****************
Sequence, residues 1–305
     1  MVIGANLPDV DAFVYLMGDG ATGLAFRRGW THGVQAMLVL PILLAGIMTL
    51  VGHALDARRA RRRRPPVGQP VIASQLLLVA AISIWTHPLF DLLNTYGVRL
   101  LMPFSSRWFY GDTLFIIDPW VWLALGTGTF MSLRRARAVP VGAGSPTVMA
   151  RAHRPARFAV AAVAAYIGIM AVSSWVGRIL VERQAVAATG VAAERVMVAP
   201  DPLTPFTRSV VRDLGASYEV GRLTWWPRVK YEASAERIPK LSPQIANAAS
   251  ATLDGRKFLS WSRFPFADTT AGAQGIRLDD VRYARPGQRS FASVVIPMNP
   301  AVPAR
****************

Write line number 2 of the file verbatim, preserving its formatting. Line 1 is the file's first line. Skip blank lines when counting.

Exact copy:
     1  MVIGANLPDV DAFVYLMGDG ATGLAFRRGW THGVQAMLVL PILLAGIMTL